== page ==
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The bloody assault on the offices of the French satirical magazine, Charlie Hebdo, can only provoke the most profound revulsion. This was a dreadful terrorist atrocity that has claimed the lives of at least 12 innocent people.
Our first response must be to mourn the victims, four of whom were the magazine’s well-known cartoonists and two of them police officers. But this was more than a human tragedy. It was a calculated act of intimidation, an attack on the freedom of expression that is the pillar of any democratic society. It was designed to seed an insidious form of self-censorship. It must be roundly and defiantly condemned.
Nearly a decade has passed since a Danish newspaper first attracted the ire of Muslims by publishing cartoons that lampooned the Prophet Mohammed. What started with peaceful protests and consumer boycotts has steadily descended into violence. This is not the first time Charlie Hebdo has been attacked for publishing its own cartoons satirising Islam. Its offices were firebombed three years ago.
But Wednesday’s events mark a new and sinister step in the escalating conflict between faith and free expression. The sight of two masked men wielding AK-47s in the middle of a European capital, gunning down policemen and stalking the magazine’s offices in search of their victims, will understandably send a chill throughout the western world.
For the security services in France and across Europe, the attack will prompt many questions. It is unclear whether the assailants were on the radar of the French authorities and whether they were assisted by overseas militant groups.
Many of the recent jihadist attacks — in Sydney and Ottawa — have been conducted by “lone wolves”. The concerted nature of Wednesday’s assault — and also the attackers’ flight from the scene rather than resorting to siege and suicide tactics — suggests a less familiar modus operandi.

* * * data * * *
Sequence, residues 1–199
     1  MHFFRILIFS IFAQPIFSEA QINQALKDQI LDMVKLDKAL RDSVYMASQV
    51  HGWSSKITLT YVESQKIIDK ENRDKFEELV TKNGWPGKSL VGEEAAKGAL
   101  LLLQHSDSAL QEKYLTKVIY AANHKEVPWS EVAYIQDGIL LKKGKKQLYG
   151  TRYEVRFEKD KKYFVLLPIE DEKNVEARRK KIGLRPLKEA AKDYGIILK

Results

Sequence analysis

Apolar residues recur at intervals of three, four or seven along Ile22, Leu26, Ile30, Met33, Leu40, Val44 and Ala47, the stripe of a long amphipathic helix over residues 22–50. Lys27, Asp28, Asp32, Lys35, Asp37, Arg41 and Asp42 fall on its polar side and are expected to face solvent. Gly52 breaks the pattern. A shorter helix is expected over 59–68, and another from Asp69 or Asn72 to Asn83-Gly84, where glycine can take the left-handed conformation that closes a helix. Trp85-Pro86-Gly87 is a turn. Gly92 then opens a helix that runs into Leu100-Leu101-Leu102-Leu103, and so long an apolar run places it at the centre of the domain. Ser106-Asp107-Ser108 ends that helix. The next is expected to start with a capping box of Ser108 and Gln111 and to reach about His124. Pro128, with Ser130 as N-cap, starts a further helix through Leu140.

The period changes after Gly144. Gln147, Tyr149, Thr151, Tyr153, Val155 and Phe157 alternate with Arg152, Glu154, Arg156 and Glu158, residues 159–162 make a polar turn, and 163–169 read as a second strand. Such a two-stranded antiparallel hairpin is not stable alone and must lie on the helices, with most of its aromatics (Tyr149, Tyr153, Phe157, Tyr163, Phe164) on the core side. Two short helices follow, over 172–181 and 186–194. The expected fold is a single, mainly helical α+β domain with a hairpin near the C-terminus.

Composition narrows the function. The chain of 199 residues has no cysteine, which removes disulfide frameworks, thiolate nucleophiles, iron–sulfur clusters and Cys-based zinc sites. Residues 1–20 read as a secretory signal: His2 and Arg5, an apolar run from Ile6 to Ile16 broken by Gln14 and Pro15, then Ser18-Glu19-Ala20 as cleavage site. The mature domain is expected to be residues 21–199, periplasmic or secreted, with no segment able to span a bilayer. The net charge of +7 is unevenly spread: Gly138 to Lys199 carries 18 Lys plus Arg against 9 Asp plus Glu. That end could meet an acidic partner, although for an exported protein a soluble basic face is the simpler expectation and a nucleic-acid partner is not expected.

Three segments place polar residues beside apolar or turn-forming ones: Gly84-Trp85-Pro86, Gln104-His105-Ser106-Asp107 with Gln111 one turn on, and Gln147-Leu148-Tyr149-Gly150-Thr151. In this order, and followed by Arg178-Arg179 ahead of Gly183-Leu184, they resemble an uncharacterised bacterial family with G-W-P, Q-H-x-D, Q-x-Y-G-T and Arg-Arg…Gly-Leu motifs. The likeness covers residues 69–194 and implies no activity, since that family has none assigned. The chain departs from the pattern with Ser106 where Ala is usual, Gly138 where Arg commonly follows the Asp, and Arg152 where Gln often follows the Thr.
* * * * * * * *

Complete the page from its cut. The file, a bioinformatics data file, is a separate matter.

In the days ahead many will be watching the impact on French society. At a time of deep political and economic malaise, the anti-immigrant National Front led by Marine Le Pen may profit from a new burst of anti-Islamic feeling. The attack is a challenge to the state authorities who must now find the attackers and bring them to justice. But the broader challenge is for politicians and the public to cleave to France’s core secular values and express defiance without stoking the fires of blind revenge.
In any democratic society, there should always be room for a civilised debate about taste and propriety when it comes to the mockery of any religious faith. But what cannot be challenged is the fundamental right of all citizens to express themselves freely within the law. In an age marked by growth in religious belief and the increasing politicisation of faith, all religion must be open to opinion, analysis and lampoonery.
In the last quarter century there have been many attempts to use intimidation to silence satire and dissent. The Iranian regime set the precedent when it issued a fatwa against the author Salman Rushdie in response to his book The Satanic Verses. North Korea has just used cyber violence to prevent the distribution of an unflattering film about its leader Kim Jong Un.
Now we have the appalling spectacle in Paris. The response of the free world to this must be unwavering. Charlie Hebdo may be a very different publication to our own, but the courage of its journalists — and their right to publish — cannot be placed in doubt. A free press is worth nothing if its practitioners do not feel free to speak.
Letter in response to this editorial: